Then, everything changed.

I saw my pulmodude Monday.  He gave me two options, given that I have lost one third of my lung function:  “You must not return to bedside nursing because of the condition of your lungs, so talk to your supervisors at work about a lateral transfer to a non-clinical role OR you must take a medical disability retirement.”  I went to the VA spa yesterday and found out that the VA does not give lateral transfers unless the injury is work related.

I came home from HR with about an inch thick stack of paperwork to initiate a medical disability retirement the Federal Government after almost 27 years of service.

Today I returned to pulmodude’s office to sign a medical release for the VA.  I was given an envelope that I opened when I got in my car.  Inside was a physician’s certificate to the DMV for handicapped plackards to hang from the mirror of my car when I park.  At the bottom of it he checked “Permanant Disability.”

Then it all hit home.  My life has changed.  That’s not a bad thing; my life will just be different.  I’ve already learned to plan things out and take things slow and easy.  I’m living life with more intentionality, and that’s something I’ve always wanted to do.

I am reminded over and over of Saint Augustine’s Prayer:

God of our life, there are days when the burdens we carry chafe our shoulders and weigh us down;
when the road seems dreary and endless, the skies grey and threatening; when our lives have no music in them, and our hearts are lonely, and our souls have lost all courage. Flood the path ahead with light, we pray; turn our eyes to where the skies are full of promise; tune our hearts to brave music; give us the sense of comradeship with heroes and saints of every age; and so quicken our spirits that we may be able to encourage the souls of all who journey with us on the road of life, to your honor and glory.   AMEN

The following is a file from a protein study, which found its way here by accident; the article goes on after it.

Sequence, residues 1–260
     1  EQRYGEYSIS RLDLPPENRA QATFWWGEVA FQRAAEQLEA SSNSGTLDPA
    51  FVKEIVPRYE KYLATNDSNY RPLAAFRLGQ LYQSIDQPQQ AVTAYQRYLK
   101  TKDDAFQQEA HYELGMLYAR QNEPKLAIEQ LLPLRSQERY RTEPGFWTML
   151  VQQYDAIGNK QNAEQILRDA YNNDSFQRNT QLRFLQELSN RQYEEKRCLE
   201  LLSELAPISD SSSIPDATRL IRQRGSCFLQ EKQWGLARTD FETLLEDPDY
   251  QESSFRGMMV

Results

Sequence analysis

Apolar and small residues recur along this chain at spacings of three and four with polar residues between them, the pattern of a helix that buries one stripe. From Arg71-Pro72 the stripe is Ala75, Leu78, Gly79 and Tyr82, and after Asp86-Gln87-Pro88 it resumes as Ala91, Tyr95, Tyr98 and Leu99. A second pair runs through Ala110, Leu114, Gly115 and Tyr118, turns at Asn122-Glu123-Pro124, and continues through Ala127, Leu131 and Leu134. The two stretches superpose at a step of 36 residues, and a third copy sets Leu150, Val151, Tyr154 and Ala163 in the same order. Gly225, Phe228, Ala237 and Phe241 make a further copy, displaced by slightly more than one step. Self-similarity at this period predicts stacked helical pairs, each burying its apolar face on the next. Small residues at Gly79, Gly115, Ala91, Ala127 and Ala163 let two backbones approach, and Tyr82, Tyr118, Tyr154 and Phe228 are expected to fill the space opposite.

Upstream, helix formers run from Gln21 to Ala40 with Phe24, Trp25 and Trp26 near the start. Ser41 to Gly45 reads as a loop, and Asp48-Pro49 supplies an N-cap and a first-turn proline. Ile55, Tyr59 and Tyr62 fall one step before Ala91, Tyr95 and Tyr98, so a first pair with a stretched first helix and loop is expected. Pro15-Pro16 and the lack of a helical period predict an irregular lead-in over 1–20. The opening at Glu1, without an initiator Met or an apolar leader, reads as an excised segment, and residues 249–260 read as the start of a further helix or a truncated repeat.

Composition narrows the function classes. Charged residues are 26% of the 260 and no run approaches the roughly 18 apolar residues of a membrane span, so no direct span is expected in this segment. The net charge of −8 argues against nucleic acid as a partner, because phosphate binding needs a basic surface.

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2 thoughts on “Then, everything changed.

  1. Oh, dear Brud… I had a very similar reaction when I got my own handicapped placard about a month ago. I get some laughs (including from myself) when I describe that symbol as a dude with mega-badonkadonk, but the truth really did slam home HARD when I held that placard in my hand.

    It really is a different world, the world of chronic (and often invisible) illness. There is so much you’ll learn — so much I know you already have learned — and so much you’ll experience. I most heartily commend to you the site http://www.butyoudontlooksick.com and most especially the “Spoon Theory” story there.

    Perhaps the hardest for me is the continuous cycle of loss and grief. Each time my life narrows and I see the boundaries of my world moving inward, I grieve for one more thing that I’ve lost. Often this is grief for futures that can no longer come to be, and that’s really hard to deal with, too. I’d never realized (had never had any reason to) that chronic illness and disability bring all these things with them.

    I’m so sorry that you’re in this place, too, dear one. As I have for years now, I hold you in my prayers, holding you up in the Divine Light. Do not be afraid, Brud. God’s peace be with you.

    Blessings and many many great big hugs,
    hedwyg (aka Mrs. Rollins)

  2. Heck, good parking is the best part of a dreadful disease!

    That, and the discovery that pink shoes will go with many, many things (including some vestments)…

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